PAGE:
What’s in Your Box: Week of 3/14
Kalvin Martinez / Mar 14th, 2015 No Comments
Each week, we here at Gaming Illustrated are always playing a number of different video games. However, we may not be talking about them in reviews or editorials. That doesn’t mean they aren’t worth talking about, but for any number of reasons an avenue to speak on them doesn’t come up. To remedy the issue, we’re going to ask our staff (and you, honestly) what’s in your box?
What’s in Kalvin’s Box
It seems pretty unanimous that Middle-Earth: Shadow of Mordor is a great game. It has been on my radar since it came out, but only after watching Gaming Illustrated’s Chance Asue play it that my curiosity intensified. Upon playing the intro of the game a few weeks after its release, my opinion was that it looked fantastic.
Sadly, I haven’t gotten around to jumping into it fully until recently. My regard for the look of the game has changed rather sharply since then. After playing Far Cry 4, Dragon Age: Inquisition, The Order: 1886, and other much prettier games, Shadow of Mordor’s looks can’t keep up. The Uruk modeling is fantastic, but everything else just looks okay from Talion to the environment. However, we know a game isn’t only about aesthetics, if so then The Order: 1886 would be the best thing ever.
Shadow of Mordor succeeds in its gameplay. The Nemesis system, the combat, and the wide range of upgrades make for an accessible yet oddly complex experience. While very Assassin’s Creed-like, Shadow of Mordor wisely uses a Arkham styel combat system to manage the hordes of enemies on screen. Combat opens up in a nice way once you get the higher tiered upgrades and more Bright Master powers.
Hunting down and taking out the various captains and war chiefs in the game is a blast. Nothing is more satisfying than revenge killing a tough Uruk captain that has killed you a few times. The open-worldness of the game isn’t unbearable thanks to smart fast travel spots, but being able to do whatever you want can get you lost in a series of murdering small fry Uruk captains for hours.
Shadow of Mordor is a good game with a few flashes of brilliance. It is definitely an enjoyable time, and succeeds in making a Lord of the Rings game worth playing. And more personally, makes me actual give a #*$% about a LOTR related product.
Outside of playing them big AAA games, dude! I’ve played a few free-to-play games on my cellular telephone and 3 Dimensional System. For whatever reason I decided to play Simpsons: Tapped Out, which was kind of a dumb idea. It isn’t terrible if you like the idea of tapping your screen a whole bunch, and waiting for satisfaction. What is it about phone games that think people care about getting their touch screen all grimy with finger grease?
The die-hard Simpsons fan inside me is in love with it though. There is a special feeling creating your own Springfield. Except to get the more fun building and characters, you need to invest heavily into the micro transactions. Donuts are currency used to buy specific characters and buildings. And you rarely gain any worthwhile donuts from playing the game normally. It is aggressively out for your money in a gross way. Despite that I can’t stop playing it.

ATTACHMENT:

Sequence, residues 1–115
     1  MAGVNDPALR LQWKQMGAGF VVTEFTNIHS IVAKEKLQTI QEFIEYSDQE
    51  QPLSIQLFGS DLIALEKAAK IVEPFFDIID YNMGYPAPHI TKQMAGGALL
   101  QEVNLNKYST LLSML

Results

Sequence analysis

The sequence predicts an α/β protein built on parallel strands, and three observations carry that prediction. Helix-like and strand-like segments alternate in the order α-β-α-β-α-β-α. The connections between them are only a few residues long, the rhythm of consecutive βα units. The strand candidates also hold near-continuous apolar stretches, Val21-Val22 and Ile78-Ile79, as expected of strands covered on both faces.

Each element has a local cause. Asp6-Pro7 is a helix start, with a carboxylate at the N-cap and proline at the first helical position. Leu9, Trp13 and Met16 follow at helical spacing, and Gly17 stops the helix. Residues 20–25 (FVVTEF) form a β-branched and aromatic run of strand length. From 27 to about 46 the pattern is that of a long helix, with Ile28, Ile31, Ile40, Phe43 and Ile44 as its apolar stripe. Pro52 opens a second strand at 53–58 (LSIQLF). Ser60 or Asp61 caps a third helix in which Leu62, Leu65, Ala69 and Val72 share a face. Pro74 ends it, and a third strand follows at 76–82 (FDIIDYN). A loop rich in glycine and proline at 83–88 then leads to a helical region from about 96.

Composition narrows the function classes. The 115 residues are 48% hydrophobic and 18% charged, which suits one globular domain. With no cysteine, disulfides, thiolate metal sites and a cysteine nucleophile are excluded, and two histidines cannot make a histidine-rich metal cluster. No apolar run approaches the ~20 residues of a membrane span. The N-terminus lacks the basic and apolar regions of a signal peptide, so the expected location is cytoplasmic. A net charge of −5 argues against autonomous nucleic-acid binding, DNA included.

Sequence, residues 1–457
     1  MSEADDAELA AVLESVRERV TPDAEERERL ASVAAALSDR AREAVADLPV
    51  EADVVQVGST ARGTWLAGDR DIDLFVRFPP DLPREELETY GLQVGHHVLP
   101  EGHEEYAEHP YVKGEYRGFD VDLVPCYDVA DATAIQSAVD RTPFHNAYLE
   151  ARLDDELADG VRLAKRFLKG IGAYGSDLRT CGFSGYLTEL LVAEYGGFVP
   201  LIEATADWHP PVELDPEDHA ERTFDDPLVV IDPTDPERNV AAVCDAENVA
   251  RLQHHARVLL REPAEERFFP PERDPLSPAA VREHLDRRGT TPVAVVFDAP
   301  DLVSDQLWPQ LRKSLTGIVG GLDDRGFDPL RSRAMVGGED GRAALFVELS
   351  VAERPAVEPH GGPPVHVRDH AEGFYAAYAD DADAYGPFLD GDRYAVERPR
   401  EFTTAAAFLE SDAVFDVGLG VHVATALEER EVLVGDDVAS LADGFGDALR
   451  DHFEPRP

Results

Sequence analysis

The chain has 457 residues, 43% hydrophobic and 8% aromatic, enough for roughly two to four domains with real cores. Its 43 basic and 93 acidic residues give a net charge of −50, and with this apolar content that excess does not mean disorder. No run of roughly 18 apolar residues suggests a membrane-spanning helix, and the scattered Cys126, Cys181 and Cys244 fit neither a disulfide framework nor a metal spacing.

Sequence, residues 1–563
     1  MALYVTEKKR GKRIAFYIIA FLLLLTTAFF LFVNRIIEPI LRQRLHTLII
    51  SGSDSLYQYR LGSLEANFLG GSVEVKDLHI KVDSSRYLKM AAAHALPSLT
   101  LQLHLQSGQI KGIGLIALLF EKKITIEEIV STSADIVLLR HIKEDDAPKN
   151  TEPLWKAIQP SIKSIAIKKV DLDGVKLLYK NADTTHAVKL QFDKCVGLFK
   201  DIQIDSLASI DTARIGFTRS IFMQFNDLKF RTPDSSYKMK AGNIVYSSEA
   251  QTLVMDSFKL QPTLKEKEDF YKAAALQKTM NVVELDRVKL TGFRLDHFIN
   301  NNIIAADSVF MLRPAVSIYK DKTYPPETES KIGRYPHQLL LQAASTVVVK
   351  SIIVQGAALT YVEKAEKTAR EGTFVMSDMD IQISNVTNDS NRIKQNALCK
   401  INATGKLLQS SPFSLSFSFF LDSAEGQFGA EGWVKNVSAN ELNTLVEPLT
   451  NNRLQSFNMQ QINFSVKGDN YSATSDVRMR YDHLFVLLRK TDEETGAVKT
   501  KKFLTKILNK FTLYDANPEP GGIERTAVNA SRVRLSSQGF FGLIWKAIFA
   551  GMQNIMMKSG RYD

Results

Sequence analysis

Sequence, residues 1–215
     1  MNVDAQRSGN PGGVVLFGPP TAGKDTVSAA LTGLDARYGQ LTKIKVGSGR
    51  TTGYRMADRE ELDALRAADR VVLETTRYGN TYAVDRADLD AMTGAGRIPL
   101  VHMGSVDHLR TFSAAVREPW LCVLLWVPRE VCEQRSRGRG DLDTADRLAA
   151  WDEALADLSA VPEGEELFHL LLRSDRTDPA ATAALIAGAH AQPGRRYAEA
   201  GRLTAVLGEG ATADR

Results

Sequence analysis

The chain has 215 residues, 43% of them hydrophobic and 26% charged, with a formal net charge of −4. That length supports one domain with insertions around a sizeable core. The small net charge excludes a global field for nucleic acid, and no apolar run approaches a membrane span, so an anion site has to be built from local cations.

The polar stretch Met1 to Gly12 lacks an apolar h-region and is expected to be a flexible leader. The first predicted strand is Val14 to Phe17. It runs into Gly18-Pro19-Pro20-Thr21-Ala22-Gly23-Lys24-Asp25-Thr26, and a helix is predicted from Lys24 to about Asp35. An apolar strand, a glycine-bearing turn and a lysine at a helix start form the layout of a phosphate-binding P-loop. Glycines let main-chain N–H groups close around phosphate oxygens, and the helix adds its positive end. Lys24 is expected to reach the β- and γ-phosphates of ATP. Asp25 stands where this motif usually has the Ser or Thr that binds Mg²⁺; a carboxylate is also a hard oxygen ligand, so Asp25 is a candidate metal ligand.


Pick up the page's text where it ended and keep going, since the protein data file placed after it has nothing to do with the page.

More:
The other two games I’ve checked out are Heavenstrike Rivals and Pokémon Shuffle. Let’s get this out of the way, Pokémon Shuffle is no good. It is a version of Trozei with Puzzle & Dragons mixed in, but with way more limiting free-to-play gimmicks. You use hearts to battle in the game and get 5 at a time. Each battle costs one heart, and you need to wait a half an hour for them to recharge. Unlike other free-to-play games that recharge them if you level up, there is none of that here. You have to hope for a jewel to drop to recharge your hearts right away or pay money to buy jewels. If you’re going to give into the micro transactions you might as well buy the recent Pokémon Trozei outright since it is a better game.
Heavenstrike Rivals, on the other hand, is free-to-play done right. It is a fun little strategy game where you fight against enemy captains on a 3X7 grid. You place your warriors on the grid and they move down the row fighting against enemy fighters in an attempt to deplete the health of the rival captain. When a fighter is placed into battle, you can move them left or right in hopes to get them in an open space to attack the other captain. Once your rival captain’s health is gone, you have won the battle and spoils.
You also only get a small amount of mana to use when choosing fighters, so figuring out the best way to maximize your limited number of mana is important. Each fighter has a certain number of health, attack, movement/attack range, and skills. Using mana costs, fighter abilities, and movement to your advantage against enemy combatants is key to winning battles. If you happen to lose, you can revive using a core (the currency used to buy new recruits) to replenish your health, re-shuffle your deck, and keep your current warriors on the battlefield.
You are limited by a number of actions with a recharge time, but it recharges fairly quickly and you can replenish your energy fully when you level up. The micro transactions aren’t aggressive, and you can actually enjoy it without spending a dime because the currency you need to gain new recruits or items is given decently through actual gameplay. There is also a story to missions, which is fairly extensive for the nature of the game.
The major issue with all of these games is that they’d be so much better if the cost a flat fee. Whether it is $5 or $15, the game would become much more playable and enjoyable if it didn’t have micro transaction shanks in it. I would gladly pay good money of a SIMpsons game where I could build cities to my heart’s content without having to give EA $1000 dollars for 60 donuts.
tags: 3ds , Heavenstrike Rivals , ios , middle-earth shadow of mordor , opinion , Pokemon Shuffle , ps4 , Simpsons: Tapped Out